New York Knicks

With Derek Fisher now officially relieved of his head coaching duties, New York Knicks boss Phil Jackson needs to take a hard look at flexibility.

By David Hong

As we all know, on Monday the New York Knicks fired head coach Derek Fisher after the squad lost nine of their last 10 games including five straight.

Assistant coach Kurt Rambis will be the Knicks interim coach for the rest of the season.

Most likely, this offseason the Knicks will look for a new head coach.

We all know how much Knicks president Phil Jackson wants to hire people who he’s connected with. This is mainly due to the fact he’s married to his famed triangle offense and wants someone who’s familiar with it. That was one of the reasons why he hired Fisher in the first place back in 2014, because Fisher played under Phil Jackson with the Los Angeles Lakers.

Here’s what Phil has to do: forget about the triangle.

Yes, I know he’s won 11 NBA championships as a head coach, all while using his beloved triangle offense. However, when you look at who he had with the Chicago Bulls and the Lakers, he clearly had the great NBA basketball player ever in Michael Jordan and one of the greatest to ever play the game in Kobe Bryant. Then, sprinkle in a few more NBA greats like Shaquille O’Neal and Scottie Pippen to the mix, and it becomes quite clear why the triangle suceeded.

I’m not discounting Jackson’s prowess as a head coach. And yes, Jordan and Bryant were score first guards who adapted to the team ball through the triangle. All the stars Phil coached were elite stars who could probably play in any offense.

There are positives. The triangle offense does spread the floor, provides more ball movement, and players cut and move more without the ball, thus producing more team basketball, but there are other ways to play team ball.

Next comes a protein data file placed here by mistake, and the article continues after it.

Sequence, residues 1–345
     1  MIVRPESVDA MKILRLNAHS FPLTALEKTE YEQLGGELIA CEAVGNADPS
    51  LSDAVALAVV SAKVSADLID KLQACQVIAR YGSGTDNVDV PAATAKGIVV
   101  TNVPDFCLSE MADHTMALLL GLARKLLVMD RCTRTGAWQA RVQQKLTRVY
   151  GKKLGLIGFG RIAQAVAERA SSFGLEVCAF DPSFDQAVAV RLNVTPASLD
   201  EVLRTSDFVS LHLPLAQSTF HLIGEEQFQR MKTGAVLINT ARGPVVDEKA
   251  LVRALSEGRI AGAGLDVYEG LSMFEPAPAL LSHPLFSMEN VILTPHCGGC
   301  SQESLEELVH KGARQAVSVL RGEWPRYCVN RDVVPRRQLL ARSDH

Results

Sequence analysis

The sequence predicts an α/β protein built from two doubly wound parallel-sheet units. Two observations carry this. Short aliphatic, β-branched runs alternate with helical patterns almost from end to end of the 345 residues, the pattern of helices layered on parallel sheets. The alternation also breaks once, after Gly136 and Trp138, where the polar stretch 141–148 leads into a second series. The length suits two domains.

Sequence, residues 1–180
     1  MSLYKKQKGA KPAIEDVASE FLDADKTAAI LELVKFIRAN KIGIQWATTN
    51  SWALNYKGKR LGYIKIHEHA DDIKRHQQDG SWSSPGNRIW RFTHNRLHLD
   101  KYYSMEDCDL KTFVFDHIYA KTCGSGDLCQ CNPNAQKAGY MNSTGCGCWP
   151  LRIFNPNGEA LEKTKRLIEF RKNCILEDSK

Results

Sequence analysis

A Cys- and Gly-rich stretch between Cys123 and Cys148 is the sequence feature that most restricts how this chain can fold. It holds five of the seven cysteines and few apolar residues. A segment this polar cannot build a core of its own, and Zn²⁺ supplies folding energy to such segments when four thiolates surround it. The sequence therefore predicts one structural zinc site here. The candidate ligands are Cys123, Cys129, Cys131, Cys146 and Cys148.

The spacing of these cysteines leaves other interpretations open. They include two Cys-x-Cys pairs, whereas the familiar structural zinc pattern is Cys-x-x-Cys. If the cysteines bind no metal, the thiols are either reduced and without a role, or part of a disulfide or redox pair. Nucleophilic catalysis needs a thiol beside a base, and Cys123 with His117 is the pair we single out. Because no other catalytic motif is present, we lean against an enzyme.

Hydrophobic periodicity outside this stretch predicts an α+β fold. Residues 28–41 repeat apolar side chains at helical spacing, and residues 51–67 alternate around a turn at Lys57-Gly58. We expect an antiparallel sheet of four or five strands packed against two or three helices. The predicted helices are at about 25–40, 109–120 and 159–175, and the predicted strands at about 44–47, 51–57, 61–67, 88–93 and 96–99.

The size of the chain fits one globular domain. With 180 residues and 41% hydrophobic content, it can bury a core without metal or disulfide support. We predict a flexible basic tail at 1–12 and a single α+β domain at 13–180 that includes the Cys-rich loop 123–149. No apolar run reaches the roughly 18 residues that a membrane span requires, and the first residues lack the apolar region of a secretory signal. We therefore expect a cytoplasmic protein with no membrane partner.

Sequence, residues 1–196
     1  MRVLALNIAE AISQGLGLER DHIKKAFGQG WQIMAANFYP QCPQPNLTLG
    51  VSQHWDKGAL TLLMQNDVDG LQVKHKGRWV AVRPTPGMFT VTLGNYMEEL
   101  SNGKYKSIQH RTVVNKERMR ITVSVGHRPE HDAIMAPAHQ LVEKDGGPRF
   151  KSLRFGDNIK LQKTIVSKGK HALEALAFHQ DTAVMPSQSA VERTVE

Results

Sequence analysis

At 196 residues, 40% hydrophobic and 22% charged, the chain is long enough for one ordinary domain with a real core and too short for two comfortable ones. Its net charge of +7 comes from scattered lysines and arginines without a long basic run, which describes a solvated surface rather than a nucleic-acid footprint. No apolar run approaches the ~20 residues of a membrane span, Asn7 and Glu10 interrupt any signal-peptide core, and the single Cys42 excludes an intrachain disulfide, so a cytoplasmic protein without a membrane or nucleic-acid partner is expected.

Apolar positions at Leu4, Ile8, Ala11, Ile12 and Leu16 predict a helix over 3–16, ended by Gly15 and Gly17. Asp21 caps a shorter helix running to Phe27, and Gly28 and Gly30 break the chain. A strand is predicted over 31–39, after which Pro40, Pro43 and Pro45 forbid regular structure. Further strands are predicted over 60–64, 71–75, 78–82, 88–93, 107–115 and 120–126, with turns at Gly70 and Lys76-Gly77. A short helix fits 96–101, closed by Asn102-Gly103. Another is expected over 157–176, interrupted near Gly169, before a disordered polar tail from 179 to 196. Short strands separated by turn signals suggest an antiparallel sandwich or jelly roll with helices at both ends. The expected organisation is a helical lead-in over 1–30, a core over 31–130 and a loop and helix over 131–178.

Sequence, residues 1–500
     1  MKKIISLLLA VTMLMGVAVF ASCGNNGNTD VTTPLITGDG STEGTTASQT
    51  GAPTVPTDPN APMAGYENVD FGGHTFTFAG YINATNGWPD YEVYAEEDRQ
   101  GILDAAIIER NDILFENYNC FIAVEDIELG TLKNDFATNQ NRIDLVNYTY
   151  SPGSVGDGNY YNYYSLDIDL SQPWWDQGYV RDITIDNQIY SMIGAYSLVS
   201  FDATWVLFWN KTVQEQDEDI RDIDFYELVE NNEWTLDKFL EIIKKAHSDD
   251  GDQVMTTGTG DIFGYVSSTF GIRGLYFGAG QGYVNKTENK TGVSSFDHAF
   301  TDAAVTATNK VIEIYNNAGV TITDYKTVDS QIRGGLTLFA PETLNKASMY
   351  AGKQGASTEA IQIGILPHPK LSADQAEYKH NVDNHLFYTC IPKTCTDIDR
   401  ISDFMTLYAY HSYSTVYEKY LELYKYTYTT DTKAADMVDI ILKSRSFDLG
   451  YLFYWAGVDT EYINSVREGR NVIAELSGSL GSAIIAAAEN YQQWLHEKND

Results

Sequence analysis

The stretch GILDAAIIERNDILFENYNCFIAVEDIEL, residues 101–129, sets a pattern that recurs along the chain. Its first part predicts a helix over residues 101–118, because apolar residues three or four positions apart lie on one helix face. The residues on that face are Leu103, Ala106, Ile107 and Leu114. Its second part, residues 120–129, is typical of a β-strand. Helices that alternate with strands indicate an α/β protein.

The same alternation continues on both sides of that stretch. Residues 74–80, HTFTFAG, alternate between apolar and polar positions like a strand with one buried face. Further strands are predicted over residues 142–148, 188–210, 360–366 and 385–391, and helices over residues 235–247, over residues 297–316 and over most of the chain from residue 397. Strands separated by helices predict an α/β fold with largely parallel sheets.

The triangle offense is a specific kind of offense that looks to be past its prime.

No one seems to use it – not even Fisher used it much. Steve Kerr doesn’t use the triangle with the Golden State Warriors and yet his team plays great unselfish ball that won a championship last season and is on a record setting pace to win the most regular season games in history. Sure it helps when you have the Splash Brothers of Stephen Curry and Klay Thompson, but Kerr is proving you don’t need the triangle offense to play team ball.

I know it hurts him to do this, but Phil, it’s time to move on.

Another reason is that his guys, for the most part, have not enjoyed much success coaching. Other than Kerr and Luke Walton, everyone else has failed.

Rambis actually has a worse coaching record than Fisher overall, under 28%. We all know how Fisher failed even though he was coaching a D-League Knicks team last season. Brian Shaw failed miserably as head coach of the Denver Nuggets.

Other than Walton probably, none of Phil’s disciples who could possibly be the next Knicks coach, excited anyone.

The best candidates, by far, are the people not connected with Phil.

The best man for the job is Tom Thibodeau, without question.